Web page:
Expert Advice provided by Multifocus. 30/09/2015

You’ve done your research, analysed the figures and made a decision on a property that stands to deliver solid capital growth and a healthy positive cash flow back into your bank account each month.


The property settles and for the first few months, you enjoy the benefits of owning a piece of real estate that generates a good cash flow and has long term appreciation.


But sometimes as a real estate investor, things don’t go to plan – and what was once a promising and profitable investment can suddenly become challenging. As property owners, it’s important to be aware of these factors well before you begin building your portfolio, so you can prepare mitigation strategies in advance to help you overcome changes in your plan.


Some of these unexpected situations – and strategies to help you cope with them – include:


1. A major weather event

Several years ago, property owners in far north Queensland were able to insure their homes and investments for a reasonable fee. However, a series of major weather events, including the severe Tropical Cyclone Yasi in 2011, brought about a surge in insurance premiums. The result for property owners is that home insurance policies began to cost double, triple and even up to five or six times their original amount. This can have a nasty impact on cash flow!


How can you minimise this risk?

Obviously, it’s impossible to know what weather events are going to take us by surprise; wild storms, floods, cyclones and bushfires have devastated various regions throughout Australia in the last decade. It’s crucial that you do your due diligence to ensure that you minimise your chances of buying in an area likely to be impacted by a major weather event – for instance, the Brisbane City Council offers free tools and information to help people understand their property's potential flood risk. It is worth noting that areas that flood are usually in older suburbs, before tighter building regulations were introduced. Councils will not allow new properties to be built if they have no flood immunity. It does not mean that you should not invest in locations like Townsville because of frequent cyclones, but you should just make sure that you have allowed for the right level of premium in your projections.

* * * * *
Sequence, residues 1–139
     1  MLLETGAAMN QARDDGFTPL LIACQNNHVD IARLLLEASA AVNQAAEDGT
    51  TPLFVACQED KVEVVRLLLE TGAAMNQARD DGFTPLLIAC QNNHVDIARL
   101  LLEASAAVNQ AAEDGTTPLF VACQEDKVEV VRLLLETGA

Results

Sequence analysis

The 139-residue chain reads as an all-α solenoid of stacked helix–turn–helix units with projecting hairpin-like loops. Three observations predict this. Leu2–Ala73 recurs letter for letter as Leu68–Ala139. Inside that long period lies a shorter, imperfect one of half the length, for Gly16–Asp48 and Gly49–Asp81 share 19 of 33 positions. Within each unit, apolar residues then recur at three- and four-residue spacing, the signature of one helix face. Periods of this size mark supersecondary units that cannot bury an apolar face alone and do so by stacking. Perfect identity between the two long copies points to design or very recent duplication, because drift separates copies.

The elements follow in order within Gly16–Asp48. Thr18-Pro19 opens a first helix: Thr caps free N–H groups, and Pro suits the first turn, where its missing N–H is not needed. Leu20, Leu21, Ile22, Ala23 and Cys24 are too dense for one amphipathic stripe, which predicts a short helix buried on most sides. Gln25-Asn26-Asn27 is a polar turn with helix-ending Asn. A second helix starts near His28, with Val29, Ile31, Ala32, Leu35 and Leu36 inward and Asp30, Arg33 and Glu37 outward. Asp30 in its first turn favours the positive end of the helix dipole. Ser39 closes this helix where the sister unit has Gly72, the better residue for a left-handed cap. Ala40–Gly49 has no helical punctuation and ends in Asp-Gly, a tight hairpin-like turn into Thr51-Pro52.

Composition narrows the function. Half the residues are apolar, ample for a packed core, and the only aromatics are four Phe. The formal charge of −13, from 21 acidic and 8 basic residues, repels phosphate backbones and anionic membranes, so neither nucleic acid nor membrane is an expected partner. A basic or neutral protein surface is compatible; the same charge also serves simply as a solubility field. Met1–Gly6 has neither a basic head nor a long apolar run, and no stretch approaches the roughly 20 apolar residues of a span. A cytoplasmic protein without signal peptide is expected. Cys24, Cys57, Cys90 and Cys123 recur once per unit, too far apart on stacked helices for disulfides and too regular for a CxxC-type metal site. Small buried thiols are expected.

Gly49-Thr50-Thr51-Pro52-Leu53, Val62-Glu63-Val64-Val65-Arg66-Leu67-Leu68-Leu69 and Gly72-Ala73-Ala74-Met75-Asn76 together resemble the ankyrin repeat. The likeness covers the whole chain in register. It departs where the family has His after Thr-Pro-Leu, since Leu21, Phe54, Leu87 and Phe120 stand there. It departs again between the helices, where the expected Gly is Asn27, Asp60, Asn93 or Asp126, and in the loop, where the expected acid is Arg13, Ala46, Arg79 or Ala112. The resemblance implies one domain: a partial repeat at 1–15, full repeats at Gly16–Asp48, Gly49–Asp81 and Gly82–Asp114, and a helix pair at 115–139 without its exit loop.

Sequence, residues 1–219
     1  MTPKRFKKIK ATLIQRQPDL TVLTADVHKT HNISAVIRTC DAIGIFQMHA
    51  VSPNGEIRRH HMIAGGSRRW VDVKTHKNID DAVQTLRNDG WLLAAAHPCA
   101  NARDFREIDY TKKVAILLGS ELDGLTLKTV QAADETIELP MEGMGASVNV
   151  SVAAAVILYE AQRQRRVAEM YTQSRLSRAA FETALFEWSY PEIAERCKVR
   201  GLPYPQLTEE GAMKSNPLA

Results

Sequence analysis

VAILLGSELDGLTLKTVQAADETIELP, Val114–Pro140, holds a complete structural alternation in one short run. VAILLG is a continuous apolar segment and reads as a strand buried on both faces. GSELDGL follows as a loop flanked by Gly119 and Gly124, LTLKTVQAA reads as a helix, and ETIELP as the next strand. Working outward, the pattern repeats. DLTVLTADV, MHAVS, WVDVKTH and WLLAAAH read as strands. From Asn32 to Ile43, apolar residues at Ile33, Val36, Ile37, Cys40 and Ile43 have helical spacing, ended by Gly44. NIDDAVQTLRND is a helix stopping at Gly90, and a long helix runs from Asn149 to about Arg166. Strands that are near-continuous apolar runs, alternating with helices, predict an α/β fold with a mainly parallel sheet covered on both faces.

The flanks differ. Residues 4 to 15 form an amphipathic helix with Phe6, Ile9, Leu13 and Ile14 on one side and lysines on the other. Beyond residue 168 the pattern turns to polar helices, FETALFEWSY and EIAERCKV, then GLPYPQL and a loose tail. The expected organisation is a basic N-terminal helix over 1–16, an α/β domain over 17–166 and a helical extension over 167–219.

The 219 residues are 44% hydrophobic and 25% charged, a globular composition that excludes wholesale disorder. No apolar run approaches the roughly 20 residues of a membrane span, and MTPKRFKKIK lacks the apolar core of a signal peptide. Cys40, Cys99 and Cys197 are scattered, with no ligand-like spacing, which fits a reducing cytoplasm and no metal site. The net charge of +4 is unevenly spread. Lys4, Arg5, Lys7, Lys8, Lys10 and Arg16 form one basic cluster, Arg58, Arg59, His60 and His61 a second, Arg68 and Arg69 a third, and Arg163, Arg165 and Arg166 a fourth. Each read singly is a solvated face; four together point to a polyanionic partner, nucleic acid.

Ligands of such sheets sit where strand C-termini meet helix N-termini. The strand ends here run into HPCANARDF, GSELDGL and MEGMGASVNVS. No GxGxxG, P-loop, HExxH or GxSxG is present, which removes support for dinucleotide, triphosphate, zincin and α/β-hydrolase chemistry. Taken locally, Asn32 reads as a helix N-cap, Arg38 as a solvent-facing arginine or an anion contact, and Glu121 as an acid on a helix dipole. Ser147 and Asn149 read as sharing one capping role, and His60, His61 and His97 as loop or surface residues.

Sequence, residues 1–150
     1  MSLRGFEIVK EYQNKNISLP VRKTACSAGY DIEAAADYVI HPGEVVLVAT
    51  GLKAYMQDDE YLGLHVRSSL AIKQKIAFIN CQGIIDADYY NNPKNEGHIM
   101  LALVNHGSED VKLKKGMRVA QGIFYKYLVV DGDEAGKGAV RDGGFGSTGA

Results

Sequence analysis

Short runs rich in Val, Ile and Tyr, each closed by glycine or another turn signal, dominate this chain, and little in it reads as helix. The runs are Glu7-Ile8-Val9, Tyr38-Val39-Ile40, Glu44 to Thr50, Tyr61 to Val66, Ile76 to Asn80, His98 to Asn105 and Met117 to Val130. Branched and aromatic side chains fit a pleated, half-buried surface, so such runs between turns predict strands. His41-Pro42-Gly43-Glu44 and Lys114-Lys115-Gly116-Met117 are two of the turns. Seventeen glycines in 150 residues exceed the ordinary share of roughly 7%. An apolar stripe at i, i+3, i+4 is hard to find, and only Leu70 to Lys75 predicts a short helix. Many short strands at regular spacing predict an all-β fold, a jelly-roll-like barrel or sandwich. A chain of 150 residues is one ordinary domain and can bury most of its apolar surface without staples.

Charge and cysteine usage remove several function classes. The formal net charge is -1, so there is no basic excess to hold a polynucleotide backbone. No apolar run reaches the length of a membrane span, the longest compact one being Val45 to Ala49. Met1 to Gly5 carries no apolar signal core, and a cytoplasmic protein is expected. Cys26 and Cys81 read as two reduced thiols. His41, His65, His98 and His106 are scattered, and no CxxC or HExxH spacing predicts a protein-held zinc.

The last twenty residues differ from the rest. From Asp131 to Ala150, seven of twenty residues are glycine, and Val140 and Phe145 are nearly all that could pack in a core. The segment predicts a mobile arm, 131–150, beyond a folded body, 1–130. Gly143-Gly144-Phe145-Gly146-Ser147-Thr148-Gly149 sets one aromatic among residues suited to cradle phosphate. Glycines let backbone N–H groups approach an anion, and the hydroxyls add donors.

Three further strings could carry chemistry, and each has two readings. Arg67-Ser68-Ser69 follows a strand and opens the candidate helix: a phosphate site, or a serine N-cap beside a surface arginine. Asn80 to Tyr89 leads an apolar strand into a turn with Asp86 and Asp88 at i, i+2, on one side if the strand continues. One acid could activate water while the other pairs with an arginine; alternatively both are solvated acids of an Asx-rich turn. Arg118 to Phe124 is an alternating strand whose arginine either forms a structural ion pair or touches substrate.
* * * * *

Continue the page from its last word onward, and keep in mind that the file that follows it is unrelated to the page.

2. An increase in competition

When a new apartment complex is completed and released to the market, a flood of similar-style properties become available all at once. It’s unlikely that they will all be rental properties, as some owner-occupiers will have purchased in the building as well, but what impact do you predict that this huge supply of new apartments will have on the rental market? I’ll give you a hint: when tenants have their pick of dozens of different properties, this significantly reduces competition – and can therefore have an impact on asking rents. It can also reduce the rental potential of established property stock, as tenants generally prefer newer accommodation, and will want to pay less rent for an older home.


How can you minimise this risk?

Thorough due diligence is the best way to mitigate your risks of purchasing in an over-supplied market. Aim to invest in real estate in a sought-after, blue-chip location where the local economy is diverse, the population is growing, amenities and transport are plentiful and unemployment is low. These fundamentals will underpin long-term growth and help you ride out any short-term uncertainties due to potential property over-supplies. You could also negotiate a first tenant guarantee with the developer. This means that the developer would pay you an agreed rent until the first tenant moves in. This removes the uncertainty of not having a tenant from day 1. Be wary if the developer offers rental guarantees for years. This usually means that the property is not competitive in the market.


3. A mortgage adjustment

I’ve seen many investors get burnt when their home loan moves off a fixed rate to a higher variable rate, and they’re financially unprepared for the change in their monthly mortgage payment. With interest rates currently in the four per cent band, this may not seem like a huge concern… until you consider that the banks began lifting interest rates for investors earlier this year in response to pressure from APRA, taking everyone by surprise.


How can you minimise this risk?

Firstly, you need to ensure that you run “what if” scenarios when you do your projections. It today’s market most properties are cash flow positive, but what happens when interest rates start increasing and reach, say 7%? Most properties become cash flow negative at this rate. It’s crucial for all property investors to take an active role in managing your own finances, which includes keeping a close eye on your mortgage. If your interest rates have changed recently or you’re not sure where you stand at present in terms of your rates, mortgage products or borrowing power, it would be worth giving us a call so we can review your situation and look for opportunities to improve your situation.

Come see Philippe and his team at the biggest property event of the year: The Property Buyer Expo in Sydney 30th October to 1st November. Click here to claim your free ticket to the event, and be sure not to miss Philippe's daily seminar, "How to set up a strategy that works for you!"

Philippe Brach   Philippe Brach is CEO of Multifocus Properties and Finance

Disclaimer: while due care is taken, the viewpoints expressed by contributors do not necessarily reflect the opinions of Your Investment Property